I have been in recovery for 5 years now.
A series of events occurred in my life, which were out of my personal control. The death of my Father pushed me over the edge and triggered my need to control something. In my case, I coped by controlling the one thing I could, my weight and what I ate. At the age of 18, I was diagnosed with anorexia nervosa.
For me, my eating disorder wasn’t about being slim and fitting into what today’s ‘ideal’ is, the notion that thin is beautiful. Instead it gave me a focus, a form of escape. Whilst I was ill, I didn’t have to face the underlying reasons as to why I was in this situation in the first place.
I started by cutting out high fat and high sugary foods, followed by carbohydrates, dairy and protein. I would fill myself up on coffee and diet coke throughout the day and spend endless hours in the gym. I had my ‘safe foods’ but at my worst, I was only eating half a cup of bran flakes before bed.
My weight plummeted quickly. I was banned from the gym due to my BMI being too low, and not long after, was admitted to an eating disorder unit for the first time. I was placed on bed rest for six months. I knew, however, that as soon as I was released from treatment, I would go back to my daily routine, with a few added tricks that I had learnt from the other girls in treatment.
Not long afterwards, my anorexia developed into bulimia and binge eating. My whole day consisted of eating and purging, only leaving my house to get more food.
I was admitted into treatment another six times. At my lowest weight, I was five stone and had a BMI of 12. I was physically and mentally exhausted, my bones stuck out, and it hurt to take a bath or even sit down.
The treatment I had received only made my eating disorder worse, so my Mother sent me to rehab in South Africa, where I received extensive counselling and began increasing my food intake at my own pace. It was there that I came to the realisation that a contributing factor to my eating disorder was a desire to make myself unattractive, childlike and boyish, due to sexual assault I had suffered at a young age.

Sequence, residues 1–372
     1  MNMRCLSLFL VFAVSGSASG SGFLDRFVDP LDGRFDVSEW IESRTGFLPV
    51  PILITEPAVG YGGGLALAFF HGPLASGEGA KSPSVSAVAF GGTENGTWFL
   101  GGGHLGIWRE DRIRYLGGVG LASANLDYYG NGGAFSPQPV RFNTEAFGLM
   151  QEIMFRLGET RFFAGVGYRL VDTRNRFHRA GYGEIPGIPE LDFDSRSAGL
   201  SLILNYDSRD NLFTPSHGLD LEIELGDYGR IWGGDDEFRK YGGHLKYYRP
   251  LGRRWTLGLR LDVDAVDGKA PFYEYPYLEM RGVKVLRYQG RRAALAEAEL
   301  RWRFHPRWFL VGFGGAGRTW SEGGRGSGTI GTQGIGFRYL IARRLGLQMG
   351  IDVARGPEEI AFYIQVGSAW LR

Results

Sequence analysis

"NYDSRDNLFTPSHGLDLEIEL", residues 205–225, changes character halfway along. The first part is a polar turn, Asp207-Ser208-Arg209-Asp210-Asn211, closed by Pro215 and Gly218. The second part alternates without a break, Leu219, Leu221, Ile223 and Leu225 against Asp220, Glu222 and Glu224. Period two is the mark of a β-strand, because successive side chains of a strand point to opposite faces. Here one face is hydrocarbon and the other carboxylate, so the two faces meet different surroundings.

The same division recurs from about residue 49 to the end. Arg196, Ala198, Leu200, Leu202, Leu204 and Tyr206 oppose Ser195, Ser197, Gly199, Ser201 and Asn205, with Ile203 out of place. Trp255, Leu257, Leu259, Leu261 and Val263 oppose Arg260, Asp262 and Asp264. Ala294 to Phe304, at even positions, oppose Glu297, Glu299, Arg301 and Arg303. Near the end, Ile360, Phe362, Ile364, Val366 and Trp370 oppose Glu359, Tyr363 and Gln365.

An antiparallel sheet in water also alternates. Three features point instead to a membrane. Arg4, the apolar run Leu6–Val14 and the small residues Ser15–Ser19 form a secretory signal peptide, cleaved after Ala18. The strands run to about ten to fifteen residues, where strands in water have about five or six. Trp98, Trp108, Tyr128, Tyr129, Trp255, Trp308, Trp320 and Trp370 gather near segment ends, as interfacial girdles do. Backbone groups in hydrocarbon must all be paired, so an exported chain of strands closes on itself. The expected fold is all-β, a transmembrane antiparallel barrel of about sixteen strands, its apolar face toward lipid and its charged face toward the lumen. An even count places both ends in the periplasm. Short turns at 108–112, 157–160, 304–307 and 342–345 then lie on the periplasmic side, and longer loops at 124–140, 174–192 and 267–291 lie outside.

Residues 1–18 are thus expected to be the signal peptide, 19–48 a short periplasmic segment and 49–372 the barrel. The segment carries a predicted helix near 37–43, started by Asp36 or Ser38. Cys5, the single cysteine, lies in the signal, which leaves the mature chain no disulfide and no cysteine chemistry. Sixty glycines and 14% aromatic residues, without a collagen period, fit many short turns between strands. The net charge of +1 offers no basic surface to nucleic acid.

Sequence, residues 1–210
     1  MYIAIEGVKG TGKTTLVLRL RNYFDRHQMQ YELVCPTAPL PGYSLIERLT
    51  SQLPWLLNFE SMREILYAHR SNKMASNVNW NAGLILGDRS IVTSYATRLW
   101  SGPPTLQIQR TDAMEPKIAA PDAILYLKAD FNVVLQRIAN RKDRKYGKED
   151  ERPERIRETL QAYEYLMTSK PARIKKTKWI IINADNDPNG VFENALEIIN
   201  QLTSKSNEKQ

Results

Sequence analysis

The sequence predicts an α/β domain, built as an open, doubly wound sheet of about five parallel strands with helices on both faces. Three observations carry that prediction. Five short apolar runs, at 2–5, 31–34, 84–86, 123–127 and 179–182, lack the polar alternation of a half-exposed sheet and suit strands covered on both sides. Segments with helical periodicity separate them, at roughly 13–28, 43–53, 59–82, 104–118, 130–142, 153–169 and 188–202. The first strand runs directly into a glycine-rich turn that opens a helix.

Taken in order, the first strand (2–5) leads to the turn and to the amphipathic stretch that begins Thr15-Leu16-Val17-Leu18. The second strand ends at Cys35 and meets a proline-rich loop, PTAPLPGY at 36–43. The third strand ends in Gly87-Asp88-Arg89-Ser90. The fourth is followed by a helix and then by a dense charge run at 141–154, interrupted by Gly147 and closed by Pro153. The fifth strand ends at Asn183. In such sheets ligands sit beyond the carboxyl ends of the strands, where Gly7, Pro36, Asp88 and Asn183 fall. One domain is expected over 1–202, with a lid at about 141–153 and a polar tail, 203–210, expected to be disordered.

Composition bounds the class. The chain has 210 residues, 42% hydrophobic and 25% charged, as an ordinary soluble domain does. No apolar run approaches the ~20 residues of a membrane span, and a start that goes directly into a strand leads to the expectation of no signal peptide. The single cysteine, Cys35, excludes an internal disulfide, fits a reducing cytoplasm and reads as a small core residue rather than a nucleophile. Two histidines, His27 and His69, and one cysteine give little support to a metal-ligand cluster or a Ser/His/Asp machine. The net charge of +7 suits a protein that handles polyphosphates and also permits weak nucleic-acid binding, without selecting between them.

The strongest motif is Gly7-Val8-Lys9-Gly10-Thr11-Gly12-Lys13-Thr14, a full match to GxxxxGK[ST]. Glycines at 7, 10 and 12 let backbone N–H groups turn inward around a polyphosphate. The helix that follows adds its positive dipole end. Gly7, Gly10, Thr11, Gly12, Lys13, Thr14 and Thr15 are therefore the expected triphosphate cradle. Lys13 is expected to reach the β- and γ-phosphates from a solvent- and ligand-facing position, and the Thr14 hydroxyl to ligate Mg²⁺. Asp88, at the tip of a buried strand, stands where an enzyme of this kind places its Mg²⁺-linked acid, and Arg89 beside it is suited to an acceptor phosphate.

I have been in recovery for 5 years now. I still can’t go out and have a burger and chips, but I eat enough of the right foods, I enjoy eating and I even look forward to meal times.
Even so, I deal with the effects of my eating disorder every day. I have osteoporosis, my teeth are ruined, my hair fell out and has never been the same since, my menstrual cycle stopped and I can no longer have children. I was once a popular, outgoing, carefree girl with lots of friends, but after I developed anorexia I didn’t have time for them anymore and they didn’t understand what was happening to me; my eating disorder was my best friend.
Since returning from South Africa, it has been my sole ambition to help others going through the same situation, educating those suffering from or affected by an eating disorder, and trying to diagnose it early. The longer someone suffers, the more ingrained the behaviours become and the harder it is to fight.
That’s why I wanted to make the video and be involved in rewrite your story. It is impossible to know what it is like to experience an eating disorder, or how powerful it can be, unless you have experienced it yourself.
Everyone’s story is different, but my personal turning point was during a show performed by the children in the shanty villages in South Africa. A little boy, who probably hadn’t eaten a decent meal his entire life, asked me why I was so skinny.
In that moment I realised, there are people all over the world who starve every day and do not have a choice. I did, and I chose to live.
If you’ve suffered from eating disorders or are a parent or carer, we would like to hear from you.
By sharing your story we can build hope for others affected by eating disorders, and help them rewrite their story.